Inside Unmanned Systems

JUN-JUL 2019

Inside Unmanned Systems provides actionable business intelligence to decision-makers and influencers operating within the global UAS community. Features include analysis of key technologies, policy/regulatory developments and new product design.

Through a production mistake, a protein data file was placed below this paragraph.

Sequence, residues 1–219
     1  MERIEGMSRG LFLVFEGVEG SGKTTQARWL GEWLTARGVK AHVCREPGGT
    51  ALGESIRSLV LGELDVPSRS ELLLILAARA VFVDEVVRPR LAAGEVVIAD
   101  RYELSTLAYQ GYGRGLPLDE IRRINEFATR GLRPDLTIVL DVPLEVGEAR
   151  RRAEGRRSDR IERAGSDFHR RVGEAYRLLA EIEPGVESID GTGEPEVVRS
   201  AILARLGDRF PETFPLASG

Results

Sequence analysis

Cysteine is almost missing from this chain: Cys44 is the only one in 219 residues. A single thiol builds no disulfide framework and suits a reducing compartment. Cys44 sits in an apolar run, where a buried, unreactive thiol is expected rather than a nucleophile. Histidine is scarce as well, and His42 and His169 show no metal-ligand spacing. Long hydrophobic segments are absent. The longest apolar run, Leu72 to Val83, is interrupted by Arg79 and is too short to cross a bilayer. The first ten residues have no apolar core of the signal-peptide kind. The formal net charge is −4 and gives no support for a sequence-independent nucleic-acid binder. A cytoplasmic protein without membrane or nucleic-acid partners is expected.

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19 June/July 2019  unmanned systems inside IRIS is used to navigate the drone and for mission management. RIGHT: County of Renfrew Paramedic Service UAV pilot James Power uses the new BVLOS platform while piloting a UAV on a search-and rescue mission. Challenges must be overcome to succeed in the commercial space, but companies have used their military backgrounds to their advantage. B efore the commercial drone mar- ket explosion of the last few years, drone companies focused on pro- viding solutions to militaries all over the world. Manufacturers knew how to win defense contracts and what was expected of them when they did. Many of these military-oriented com- panies are starting to move into the com- mercial and civil markets, leveraging their experiences and lessons learned as defense contractors. But, while there are plenty of opportunities and a variety of verticals are good fits for their solu- tions and know-how, going commercial isn't exactly an easy transition. The com- mercial market represents a whole new ball game, with different players and expectations, and rules that are much less defined. Even so, some companies are finding success, whether by revamp- ing military technology or by creating completely new systems that play well in commercial and civil spaces. Defense companies tend to have more success in the civil market, Teal Group's Director of Corporate Analysis Philip Finnegan said, because those buyers are very similar to military purchasers. They're more concerned about perfor- mance than they are about cost, and they have the budgets to invest in high-end, expensive systems. That's not always the case in the commercial market, espe- cially with smaller companies that are looking for ways to improve efficiencies and save money. "We've seen some defense companies pull back from the commercial market because of this, but we've also seen some companies working early on to try to pen- etrate the market," Finnegan said. "It's generally not easy for military companies to get into the straight commercial mar- ket because first it's a low-cost market. Defense companies are used to providing the highest level of performance without concerns about cost. The commercial market is different. It's very heavily fo- cused on cost." by Renee Knight "The commercial UAS industry is so new it has a start-up feel…where the defense business is very well established and rigid in its process to buy things." Paige Cutland, vice president of sales and marketing, Kongsberg Geospatial DEFENSE COMMERCIAL NEXUS Trends

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